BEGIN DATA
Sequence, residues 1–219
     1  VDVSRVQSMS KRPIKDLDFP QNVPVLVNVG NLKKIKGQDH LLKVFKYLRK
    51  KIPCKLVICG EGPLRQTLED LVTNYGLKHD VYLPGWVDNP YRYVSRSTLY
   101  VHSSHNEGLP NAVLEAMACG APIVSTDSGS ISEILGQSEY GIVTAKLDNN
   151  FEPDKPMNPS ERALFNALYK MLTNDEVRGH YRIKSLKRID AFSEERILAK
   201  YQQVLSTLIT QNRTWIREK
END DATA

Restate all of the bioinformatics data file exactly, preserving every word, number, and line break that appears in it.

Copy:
Sequence, residues 1–219
     1  VDVSRVQSMS KRPIKDLDFP QNVPVLVNVG NLKKIKGQDH LLKVFKYLRK
    51  KIPCKLVICG EGPLRQTLED LVTNYGLKHD VYLPGWVDNP YRYVSRSTLY
   101  VHSSHNEGLP NAVLEAMACG APIVSTDSGS ISEILGQSEY GIVTAKLDNN
   151  FEPDKPMNPS ERALFNALYK MLTNDEVRGH YRIKSLKRID AFSEERILAK
   201  YQQVLSTLIT QNRTWIREK